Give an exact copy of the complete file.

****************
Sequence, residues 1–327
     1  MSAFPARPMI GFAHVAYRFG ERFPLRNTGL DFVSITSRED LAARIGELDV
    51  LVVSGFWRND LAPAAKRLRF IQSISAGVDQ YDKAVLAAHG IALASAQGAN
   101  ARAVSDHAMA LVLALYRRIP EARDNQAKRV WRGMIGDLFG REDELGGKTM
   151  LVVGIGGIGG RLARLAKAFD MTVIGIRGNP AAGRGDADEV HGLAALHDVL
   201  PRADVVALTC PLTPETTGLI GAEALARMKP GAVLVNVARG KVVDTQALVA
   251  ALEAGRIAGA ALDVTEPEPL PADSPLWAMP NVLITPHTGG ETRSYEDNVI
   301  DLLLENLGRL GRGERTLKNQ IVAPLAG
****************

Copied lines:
Sequence, residues 1–327
     1  MSAFPARPMI GFAHVAYRFG ERFPLRNTGL DFVSITSRED LAARIGELDV
    51  LVVSGFWRND LAPAAKRLRF IQSISAGVDQ YDKAVLAAHG IALASAQGAN
   101  ARAVSDHAMA LVLALYRRIP EARDNQAKRV WRGMIGDLFG REDELGGKTM
   151  LVVGIGGIGG RLARLAKAFD MTVIGIRGNP AAGRGDADEV HGLAALHDVL
   201  PRADVVALTC PLTPETTGLI GAEALARMKP GAVLVNVARG KVVDTQALVA
   251  ALEAGRIAGA ALDVTEPEPL PADSPLWAMP NVLITPHTGG ETRSYEDNVI
   301  DLLLENLGRL GRGERTLKNQ IVAPLAG